I can look at dozens of photos online of ikat warps stretched on their frames but until I actually get to touch one, I can never know just how tightly the have been stretched. I had always marveled at videos showing ikat artisans drawing entire fine and detailed patterns onto warps using pencils of different colors. There was a limit to the amount I could tighten the plastic zip-ties when I used them on their own. I can go beyond that limit now with the turn buckles.

The artisans that I have seen working with ikat don’t use turn buckles. Sometimes the warp is secured to a frame with nothing more than torn strips of cloth. I don’t have their skill or expertise! The first time I saw turn buckles in use in weaving was on the Navajo reservation back in 1995. The weavers were using them on their metal looms to tension the warp instead of using rope.

I once read about a gentleman who was studying knotted pile weaving with a Master from Afghanistan. He said that he knew that his warp had enough tension on it, when he was at home weaving and away from his teacher, by the sound the threads would make when he plucked them. Imagine trying to gain that kind of knowledge from an image on the computer screen!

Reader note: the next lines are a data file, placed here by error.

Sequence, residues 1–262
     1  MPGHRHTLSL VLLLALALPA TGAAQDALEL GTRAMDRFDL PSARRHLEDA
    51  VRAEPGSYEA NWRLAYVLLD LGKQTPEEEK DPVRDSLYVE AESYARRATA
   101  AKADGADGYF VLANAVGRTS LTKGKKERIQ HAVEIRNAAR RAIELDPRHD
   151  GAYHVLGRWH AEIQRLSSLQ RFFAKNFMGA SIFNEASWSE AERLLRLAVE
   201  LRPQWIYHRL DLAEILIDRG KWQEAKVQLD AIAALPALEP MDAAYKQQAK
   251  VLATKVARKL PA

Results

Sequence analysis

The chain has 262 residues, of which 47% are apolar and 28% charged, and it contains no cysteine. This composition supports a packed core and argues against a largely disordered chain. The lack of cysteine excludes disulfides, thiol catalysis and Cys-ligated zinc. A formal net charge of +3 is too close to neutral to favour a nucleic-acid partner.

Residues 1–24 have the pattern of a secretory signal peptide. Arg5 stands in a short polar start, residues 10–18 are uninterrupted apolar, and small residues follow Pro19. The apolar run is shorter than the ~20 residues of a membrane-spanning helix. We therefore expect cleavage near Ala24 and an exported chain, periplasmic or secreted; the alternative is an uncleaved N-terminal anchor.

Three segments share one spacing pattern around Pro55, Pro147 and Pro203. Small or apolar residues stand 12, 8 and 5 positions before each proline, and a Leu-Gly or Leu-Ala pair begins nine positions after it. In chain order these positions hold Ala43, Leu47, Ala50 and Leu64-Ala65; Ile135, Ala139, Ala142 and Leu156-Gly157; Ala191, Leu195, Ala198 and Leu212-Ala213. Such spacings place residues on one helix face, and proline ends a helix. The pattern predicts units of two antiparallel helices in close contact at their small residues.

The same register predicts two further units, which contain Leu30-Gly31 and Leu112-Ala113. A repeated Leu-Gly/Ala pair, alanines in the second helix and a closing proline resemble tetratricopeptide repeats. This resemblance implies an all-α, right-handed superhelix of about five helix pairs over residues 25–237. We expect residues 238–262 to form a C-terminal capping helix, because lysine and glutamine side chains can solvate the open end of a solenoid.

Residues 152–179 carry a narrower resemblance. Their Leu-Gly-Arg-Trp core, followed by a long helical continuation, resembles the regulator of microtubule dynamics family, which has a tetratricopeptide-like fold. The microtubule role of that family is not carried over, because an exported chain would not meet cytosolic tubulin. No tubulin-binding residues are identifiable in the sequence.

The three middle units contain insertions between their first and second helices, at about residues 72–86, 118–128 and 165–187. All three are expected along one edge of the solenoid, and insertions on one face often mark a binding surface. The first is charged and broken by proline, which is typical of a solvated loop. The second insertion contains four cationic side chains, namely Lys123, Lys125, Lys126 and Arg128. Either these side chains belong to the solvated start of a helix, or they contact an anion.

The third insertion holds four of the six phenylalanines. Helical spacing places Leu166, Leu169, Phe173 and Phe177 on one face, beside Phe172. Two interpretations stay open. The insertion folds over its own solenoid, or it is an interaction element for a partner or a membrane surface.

And what about the actual wrapping? Well, I just wrap. If there  is some special way of doing it, I haven’t yet found it. I did see a video where the bundles were somehow twirled very quickly with the aid of what I am guessing was a kind of electric drill. The artisan simply stood there holding a piece of black rubber wrapping material and the spinning warp wrapped itself! These were very long warps that were destined for floor looms. Even if I had a way of doing that, I wouldn’t. I’ll go as far as turn buckles, but not electric drills!

This is all I do…

I start at the center and wrap to one end, turn back, go past the center to the other end, return to the center and tie. I like tying off in the center rather than at the end. I find that I am less likely to accidentally snip the warp threads when I later come to cut off the ties if I am cutting at the center of the wrap.

This is where I am at…The warp looks narrower here because it is folded in half. But it also looks narrower because there was an unfortunate incident in which I accidentally cut about 50 ends at one edge! That’s all I want to say about that! It could have been worse. I hadn’t started wrapping the pattern yet and it hasn’t meant having to modify the motif. Once I am done getting this sort of leaf motif done, I’ll decided on the motif I want to use between the two.

So….I have to tell you how grateful and excited I am about the response that I have had to my latest book Warp-faced Double Weave on Inkle Looms. This is the first time I have released a book on a new technique where both PDF and spiral-bound book have been available at the same time. Being part of Taproot Video allows this to be so. Patternfish only dealt with digital products. It was exciting and just a touch stressful to find that the books sold out very quickly. I think they were only out-of-stock for 24 hours, though. The printing service was again very quick to get production underway and we were back in business quickly.